Hollywood is the major player in modern cinema, with American movies dominating box offices across the world. Francine Stock discovers exactly when and why this happened.
We all know that Hollywood is the major player in modern cinema, with American movies dominating box offices across the world. Francine Stock examines this early example of globalisation, discovering exactly when and why it happened.
In the first of two documentaries about the rise and (possible) fall of this American empire, she looks at the genres that have become Hollywood staples - the thriller, the comedy, the epic - and finds their roots in Europe and elsewhere.
If you think the stick-em-up, the rom-com and the sword-and-sandal epic began life in the United States, then think again. The French gave the world a kinetic form of film comedy, and not only did the Danes perfect the art of the thriller, they gave the world its first bona fide movie star, Asta Nielsen, who scandalised cinema-goers everywhere with her erotic dance in 1910's The Abyss (you can still catch a glimpse of it on the internet).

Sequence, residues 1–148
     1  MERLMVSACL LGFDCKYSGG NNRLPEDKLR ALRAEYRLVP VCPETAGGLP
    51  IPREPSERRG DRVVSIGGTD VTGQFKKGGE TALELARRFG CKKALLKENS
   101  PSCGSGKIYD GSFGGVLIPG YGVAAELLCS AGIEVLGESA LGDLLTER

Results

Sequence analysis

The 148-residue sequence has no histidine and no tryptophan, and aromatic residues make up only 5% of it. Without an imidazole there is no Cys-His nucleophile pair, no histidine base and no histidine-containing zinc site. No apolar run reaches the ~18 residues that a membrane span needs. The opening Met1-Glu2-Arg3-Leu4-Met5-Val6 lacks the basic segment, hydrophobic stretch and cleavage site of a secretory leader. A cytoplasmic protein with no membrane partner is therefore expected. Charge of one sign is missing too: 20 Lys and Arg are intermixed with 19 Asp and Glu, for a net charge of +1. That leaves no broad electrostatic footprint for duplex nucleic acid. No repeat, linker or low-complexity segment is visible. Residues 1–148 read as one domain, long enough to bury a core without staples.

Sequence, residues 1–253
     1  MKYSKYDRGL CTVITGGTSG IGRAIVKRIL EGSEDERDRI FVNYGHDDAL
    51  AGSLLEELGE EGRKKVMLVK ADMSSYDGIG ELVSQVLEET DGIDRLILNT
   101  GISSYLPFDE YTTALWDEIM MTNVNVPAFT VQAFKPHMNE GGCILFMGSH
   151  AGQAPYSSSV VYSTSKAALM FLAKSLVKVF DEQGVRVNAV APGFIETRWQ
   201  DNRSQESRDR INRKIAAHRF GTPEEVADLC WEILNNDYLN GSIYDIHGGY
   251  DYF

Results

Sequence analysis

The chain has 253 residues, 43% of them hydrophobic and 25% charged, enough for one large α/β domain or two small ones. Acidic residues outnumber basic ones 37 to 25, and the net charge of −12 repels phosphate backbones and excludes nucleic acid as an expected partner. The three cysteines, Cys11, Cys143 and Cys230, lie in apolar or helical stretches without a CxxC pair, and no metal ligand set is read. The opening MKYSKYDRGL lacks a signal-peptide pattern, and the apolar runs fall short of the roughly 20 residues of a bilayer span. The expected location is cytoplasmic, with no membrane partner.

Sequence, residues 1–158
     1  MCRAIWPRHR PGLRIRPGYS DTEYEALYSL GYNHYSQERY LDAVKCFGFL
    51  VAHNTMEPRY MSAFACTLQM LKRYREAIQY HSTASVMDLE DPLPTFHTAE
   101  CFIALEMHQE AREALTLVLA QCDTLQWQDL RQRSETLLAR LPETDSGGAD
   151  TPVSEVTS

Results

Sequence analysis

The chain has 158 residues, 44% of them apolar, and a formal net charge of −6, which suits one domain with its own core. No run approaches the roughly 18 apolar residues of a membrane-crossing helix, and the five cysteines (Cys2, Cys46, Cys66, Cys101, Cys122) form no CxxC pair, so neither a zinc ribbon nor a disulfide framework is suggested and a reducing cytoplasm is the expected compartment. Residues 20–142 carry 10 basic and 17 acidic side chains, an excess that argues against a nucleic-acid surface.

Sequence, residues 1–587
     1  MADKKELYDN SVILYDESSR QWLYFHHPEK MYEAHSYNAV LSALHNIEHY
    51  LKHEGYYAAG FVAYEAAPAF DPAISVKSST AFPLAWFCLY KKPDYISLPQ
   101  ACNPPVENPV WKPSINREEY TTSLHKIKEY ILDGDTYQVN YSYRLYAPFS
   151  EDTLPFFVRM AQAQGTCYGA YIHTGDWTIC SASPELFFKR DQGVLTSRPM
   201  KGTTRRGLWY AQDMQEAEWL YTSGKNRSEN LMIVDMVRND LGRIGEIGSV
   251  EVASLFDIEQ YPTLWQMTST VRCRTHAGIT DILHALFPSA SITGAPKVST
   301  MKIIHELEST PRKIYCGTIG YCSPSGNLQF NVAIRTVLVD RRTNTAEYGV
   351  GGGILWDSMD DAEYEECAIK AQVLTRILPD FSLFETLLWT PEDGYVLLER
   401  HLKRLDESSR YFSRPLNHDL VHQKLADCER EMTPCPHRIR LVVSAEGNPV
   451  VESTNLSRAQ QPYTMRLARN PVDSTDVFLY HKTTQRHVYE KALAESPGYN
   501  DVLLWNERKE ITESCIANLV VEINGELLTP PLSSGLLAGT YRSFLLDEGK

Once a force in the world market, Britain introduced colour to cinema as early as 1910, but its power-base crumbled during World War I.
Francine will investigate the reasons for this sudden collapse and ask if Hollywood beat the rest of the world simply because they made better movies.
Produced by Stephen Hughes.
You are at the first episode
- Tue 18 Jan 2011 09:00
- Tue 18 Jan 2011 21:30